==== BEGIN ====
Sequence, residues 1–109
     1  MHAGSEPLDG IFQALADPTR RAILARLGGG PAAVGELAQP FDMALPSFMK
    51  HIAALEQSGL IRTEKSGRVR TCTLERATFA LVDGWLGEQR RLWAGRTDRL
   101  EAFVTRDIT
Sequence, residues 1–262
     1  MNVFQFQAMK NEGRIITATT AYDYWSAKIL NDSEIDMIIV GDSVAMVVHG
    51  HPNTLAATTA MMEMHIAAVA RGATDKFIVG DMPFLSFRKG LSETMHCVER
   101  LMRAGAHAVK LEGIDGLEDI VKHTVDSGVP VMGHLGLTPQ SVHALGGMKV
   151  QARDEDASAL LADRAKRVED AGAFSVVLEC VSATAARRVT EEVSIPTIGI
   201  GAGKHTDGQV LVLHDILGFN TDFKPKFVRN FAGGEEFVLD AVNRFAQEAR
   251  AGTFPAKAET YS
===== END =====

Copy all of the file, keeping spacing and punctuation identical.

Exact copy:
Sequence, residues 1–109
     1  MHAGSEPLDG IFQALADPTR RAILARLGGG PAAVGELAQP FDMALPSFMK
    51  HIAALEQSGL IRTEKSGRVR TCTLERATFA LVDGWLGEQR RLWAGRTDRL
   101  EAFVTRDIT
Sequence, residues 1–262
     1  MNVFQFQAMK NEGRIITATT AYDYWSAKIL NDSEIDMIIV GDSVAMVVHG
    51  HPNTLAATTA MMEMHIAAVA RGATDKFIVG DMPFLSFRKG LSETMHCVER
   101  LMRAGAHAVK LEGIDGLEDI VKHTVDSGVP VMGHLGLTPQ SVHALGGMKV
   151  QARDEDASAL LADRAKRVED AGAFSVVLEC VSATAARRVT EEVSIPTIGI
   201  GAGKHTDGQV LVLHDILGFN TDFKPKFVRN FAGGEEFVLD AVNRFAQEAR
   251  AGTFPAKAET YS